Detecting Online Scams Before They Happen

Detecting Online Scams Before They Happen


Having your data breached by an internet scammer feels violating, and it’s extremely difficult to reverse the damage these scammers can cause. If you’re online often, you need to know how to avoid these scams before they even happen. After all, reversing the damage caused by a scammer can take years, while it could only take a few moments of caution to prevent a scam from happening altogether.

Trusted Sites Only

When you’re shopping online, it’s critical that you only give your credit card information to trusted websites. Shopping on eBay, Amazon, or Walmart’s website is all well and good. However, if you find some unusual merchant on a domain name you’re unfamiliar with, you’ll want to do some research to make sure it’s the real deal.

Often, scammers will set up storefronts that exist only to scam you. They might actually send you products through the site, but then they’ll record your credit card information and use dummy accounts to try to send bogus charges in the hopes that you don’t notice. Avoid these sketchy sites altogether, and make sure you’re careful about who sees your credit card.

Check the URL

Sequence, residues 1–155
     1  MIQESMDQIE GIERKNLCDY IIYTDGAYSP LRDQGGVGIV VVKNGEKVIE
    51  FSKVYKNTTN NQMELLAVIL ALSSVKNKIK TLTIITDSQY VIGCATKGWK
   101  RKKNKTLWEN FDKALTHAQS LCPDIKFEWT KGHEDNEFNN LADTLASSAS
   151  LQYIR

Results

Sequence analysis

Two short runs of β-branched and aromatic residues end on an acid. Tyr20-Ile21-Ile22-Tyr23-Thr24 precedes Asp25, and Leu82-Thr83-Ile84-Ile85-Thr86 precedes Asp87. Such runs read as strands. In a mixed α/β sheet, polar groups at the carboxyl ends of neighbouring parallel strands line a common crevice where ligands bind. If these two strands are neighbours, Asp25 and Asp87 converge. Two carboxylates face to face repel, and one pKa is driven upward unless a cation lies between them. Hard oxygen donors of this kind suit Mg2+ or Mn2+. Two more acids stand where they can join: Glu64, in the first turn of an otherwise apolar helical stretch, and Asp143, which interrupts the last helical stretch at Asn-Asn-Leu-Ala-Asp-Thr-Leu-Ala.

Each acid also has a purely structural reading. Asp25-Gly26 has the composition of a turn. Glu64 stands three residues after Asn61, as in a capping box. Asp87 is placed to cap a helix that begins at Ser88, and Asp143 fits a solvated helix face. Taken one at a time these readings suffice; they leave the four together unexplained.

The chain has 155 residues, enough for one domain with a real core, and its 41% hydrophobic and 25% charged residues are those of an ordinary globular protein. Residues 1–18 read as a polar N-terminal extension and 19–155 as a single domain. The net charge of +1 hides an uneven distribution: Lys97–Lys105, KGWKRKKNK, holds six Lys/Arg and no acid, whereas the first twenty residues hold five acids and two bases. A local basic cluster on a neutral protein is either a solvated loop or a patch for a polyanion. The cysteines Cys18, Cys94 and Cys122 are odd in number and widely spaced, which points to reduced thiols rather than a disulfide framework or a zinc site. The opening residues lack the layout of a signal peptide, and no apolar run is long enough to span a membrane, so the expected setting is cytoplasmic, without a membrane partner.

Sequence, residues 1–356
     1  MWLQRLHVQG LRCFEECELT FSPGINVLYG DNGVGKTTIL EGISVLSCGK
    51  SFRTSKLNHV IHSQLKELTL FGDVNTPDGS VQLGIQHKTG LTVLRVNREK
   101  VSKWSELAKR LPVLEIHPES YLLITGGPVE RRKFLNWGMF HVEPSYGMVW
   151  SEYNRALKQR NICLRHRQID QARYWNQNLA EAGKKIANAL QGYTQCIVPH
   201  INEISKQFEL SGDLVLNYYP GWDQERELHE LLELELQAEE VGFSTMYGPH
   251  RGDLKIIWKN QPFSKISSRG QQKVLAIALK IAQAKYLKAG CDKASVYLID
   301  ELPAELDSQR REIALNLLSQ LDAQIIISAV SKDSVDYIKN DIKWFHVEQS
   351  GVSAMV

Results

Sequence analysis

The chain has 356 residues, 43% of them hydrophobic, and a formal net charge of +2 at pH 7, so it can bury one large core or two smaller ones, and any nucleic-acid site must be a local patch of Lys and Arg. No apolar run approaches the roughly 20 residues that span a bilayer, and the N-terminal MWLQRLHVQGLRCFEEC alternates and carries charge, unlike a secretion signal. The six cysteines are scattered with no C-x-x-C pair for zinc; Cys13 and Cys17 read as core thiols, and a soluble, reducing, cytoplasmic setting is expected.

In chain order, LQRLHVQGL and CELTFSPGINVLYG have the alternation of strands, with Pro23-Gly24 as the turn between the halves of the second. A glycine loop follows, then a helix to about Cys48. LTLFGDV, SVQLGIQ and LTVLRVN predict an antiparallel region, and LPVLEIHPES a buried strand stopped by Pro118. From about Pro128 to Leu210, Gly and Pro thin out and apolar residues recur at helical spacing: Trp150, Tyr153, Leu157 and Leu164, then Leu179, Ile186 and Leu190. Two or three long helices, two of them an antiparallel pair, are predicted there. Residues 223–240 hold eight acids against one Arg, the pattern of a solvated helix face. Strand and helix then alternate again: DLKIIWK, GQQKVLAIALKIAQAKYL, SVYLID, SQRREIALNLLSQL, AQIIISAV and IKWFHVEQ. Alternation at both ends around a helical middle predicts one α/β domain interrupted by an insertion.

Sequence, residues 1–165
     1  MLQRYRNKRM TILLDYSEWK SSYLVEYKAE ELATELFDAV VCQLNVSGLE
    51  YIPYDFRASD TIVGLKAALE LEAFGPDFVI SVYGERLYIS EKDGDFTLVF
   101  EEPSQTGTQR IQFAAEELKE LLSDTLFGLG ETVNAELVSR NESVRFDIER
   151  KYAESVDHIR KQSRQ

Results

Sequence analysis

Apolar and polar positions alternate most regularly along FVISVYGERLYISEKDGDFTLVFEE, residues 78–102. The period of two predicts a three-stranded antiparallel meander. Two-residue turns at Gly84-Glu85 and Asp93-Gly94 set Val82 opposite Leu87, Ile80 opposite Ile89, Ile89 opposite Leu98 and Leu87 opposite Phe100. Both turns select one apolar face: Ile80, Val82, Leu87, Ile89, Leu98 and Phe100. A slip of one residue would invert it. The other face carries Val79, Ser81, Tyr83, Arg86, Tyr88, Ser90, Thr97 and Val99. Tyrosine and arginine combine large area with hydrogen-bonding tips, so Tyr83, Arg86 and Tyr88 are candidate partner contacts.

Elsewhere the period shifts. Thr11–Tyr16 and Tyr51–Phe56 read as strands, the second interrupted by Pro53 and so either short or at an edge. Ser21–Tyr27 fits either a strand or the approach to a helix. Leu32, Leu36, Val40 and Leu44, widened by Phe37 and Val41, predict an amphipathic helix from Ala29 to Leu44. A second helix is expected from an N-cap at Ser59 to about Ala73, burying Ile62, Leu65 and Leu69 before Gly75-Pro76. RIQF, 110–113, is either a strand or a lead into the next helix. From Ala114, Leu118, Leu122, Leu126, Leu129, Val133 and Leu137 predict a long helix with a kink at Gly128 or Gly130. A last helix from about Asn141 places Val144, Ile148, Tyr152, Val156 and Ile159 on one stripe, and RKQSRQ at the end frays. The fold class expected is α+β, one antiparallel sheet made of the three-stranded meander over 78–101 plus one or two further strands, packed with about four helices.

If you get to an Amazon or eBay listing through a link or an email you receive, double-check the URL in the address bar. If it looks weird, you might be looking at a scam. Often, scammers will go to extreme measures to set up fake web pages that look nearly identical to official web stores. In these situations, you’ll think you’re buying something from Amazon, when, in reality, you’re just handing someone your credit card info.

If the URL looks weird, just leave that page and navigate to the store you’re trying to shop from directly through the address bar. Following links can often result in you ending up on fake pages, so going through the URL you know is the safest bet when shopping online.

Don’t Open Those Emails

Ransomware is a major problem these days. To avoid the chances of having ransomware installed on your PC, make sure you just decline to open fishy-looking emails. There are no emails important enough to jeopardize your digital files for. Often, scammers will embed harmful viruses in attachments to emails. Once you open the attachment, the cat’s out of the bag.

In general, you want to be careful about downloading anything from sources you don’t know. Outside of verified publishers, you shouldn’t be downloading any programs off of the internet. There’s simply too much at stake when it comes to viruses encrypting your private data.